A new website has recently launched in Canada, aiming to help solve the how-to of living in a Tiny House. The listings and resource site is an online hub where people can: Buy, Sell or Rent Tiny Homes; Locate Parking Spaces for their Tiny Homes; Discover Land Share Opportunities; Learn about the Canada Building Code and Zoning issues for each major City; Connect with the growing community of Tiny House people; Locate Resources such as Building Plans; Insurance Information; Eco-Living Supplies and More.
A growing portion of Canadians are concerned about the environment, the economy and the various social issues that arise from related systemic challenges. As a result of these concerns they are investigating the idea of living in a tiny house. Proponents of the lifestyle say that despite societal ideals, traditional houses are not as relevant in today’s complex world, instead proposing that new ways of living must be considered and to address the growing concerns of Canadians aged 50 years and under.
Dani Zaviceanu owner of Tiny House Listings Canada says “Times have changed in Canada and the reality is that the lifestyle our parents lived no longer applies to the younger generation of Canadians. Inflation rates, the energy crisis and a more fractured sense of community are making people look at new ways of living, yet the current model of traditional home ownership is just not offering the solutions that we are asking for.”
While already very well established in the United States, the Tiny House movement is rapidly catching on in Canada. Television shows such as HGTV’s Canada series Tiny House, Big Living are growing in popularity, as are Tiny House building companies such as Nelson Tiny Homes. A Google search for “tiny house Canada” shows that the on-line community it also growing quickly. Thousands of people are talking about the movement with new stories are appearing all over the news and in social media on a daily basis.
There is also some scepticism about tiny homes, as indicated in the recently publicized article “Teeny House Big Lie” (Globe and Mail, Erin Anderssen). Concerns include small space confinement, limited access to owning possessions and building code restrictions that make legally living in a tiny home very difficult. Red tape makes them hard to insure as well. In response to these concerns, Tiny House owners argue that the movement is meant to solve issues for people who live in them as a necessary solution for solving economic, social and environmental problems, as opposed to being simply a passing trend for more privileged people with higher incomes.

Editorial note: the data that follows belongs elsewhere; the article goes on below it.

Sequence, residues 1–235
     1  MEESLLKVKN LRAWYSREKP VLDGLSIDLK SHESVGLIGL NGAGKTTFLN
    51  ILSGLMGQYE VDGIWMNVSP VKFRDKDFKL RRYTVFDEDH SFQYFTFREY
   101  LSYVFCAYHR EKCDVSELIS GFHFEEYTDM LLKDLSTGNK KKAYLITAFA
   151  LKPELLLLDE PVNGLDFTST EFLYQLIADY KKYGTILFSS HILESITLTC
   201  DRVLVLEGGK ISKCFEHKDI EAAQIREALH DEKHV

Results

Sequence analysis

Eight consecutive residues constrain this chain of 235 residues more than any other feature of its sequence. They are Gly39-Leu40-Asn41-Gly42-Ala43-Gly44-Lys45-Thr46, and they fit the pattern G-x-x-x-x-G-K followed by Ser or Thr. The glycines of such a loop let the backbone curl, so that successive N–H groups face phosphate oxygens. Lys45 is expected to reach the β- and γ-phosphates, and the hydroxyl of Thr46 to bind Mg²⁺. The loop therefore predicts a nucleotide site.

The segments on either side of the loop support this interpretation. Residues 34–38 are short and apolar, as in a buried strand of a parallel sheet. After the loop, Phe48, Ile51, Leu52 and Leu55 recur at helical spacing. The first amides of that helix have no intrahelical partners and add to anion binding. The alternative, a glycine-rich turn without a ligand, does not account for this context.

Again Dani Zaviceanu says “We see these issues as huge problems that needs to be addressed now. The Tiny House movement offers viable options that deserve a closer inspection.”
In response to these concerns, the Tiny House Listings Canada website aims to make the lifestyle easier to navigate, working with all aspects of the lifestyle including building, renting or purchasing, zoning and by-laws, the Canada building code and the exponential growth of the industry at large. Owner Dani Zaviceanu is hopeful that with more awareness, this growing movement will offer affordable, eco-friendly housing for Canadians while proving that it is a realistic solution rather than a passing trend.
Background Canadian Economy: Inflation rates are rising; Job wages for people under 40 are lower than they were a generation ago; Employer pension plans are less common; Housing prices have nearly doubled since the 1970’s; It now takes 3 times longer to save for a mortgage than it did 30 years ago; Student debt has risen and this is expected to continue. (source- GenSqueeze)
Environment (carbon footprint): Canada is the largest consumer of energy in the world on a per capita basis, and the second largest producer of greenhouse gases (after the United States); Nearly 60 percent of the energy used by Canadian homes is directly related to housing; Sources of energy consumption in traditional homes include heating, computers, refrigerators, light bulbs and household appliances, and Environment Canada’s recent Emissions Trends report shows that instead of going down, the overall emissions are rising as the 2020 deadline approaches.
Consumption is greatly reduced in a tiny house due to the nature of the space available. Consumers are instead forced to think about purchases and how they can best be used in the tiny house environment. In many cases, ecologically sounds options are chosen over “throw-away” purchases, resulting in a cyclical repurchasing of everything from blenders to personal grooming equipment. The cost savings of off-grid living (even partially) come through the implementation of a number of ecologically sustainable technologies ranging from solar equipment to water-catchment, grey-water management, cooking, heating and cooling solutions. The use of these technologies encourages an ethos of conservation that is always present. Tiny Houses themselves can be made from up-cycled materials at low cost, or no cost at all (aside from labour)
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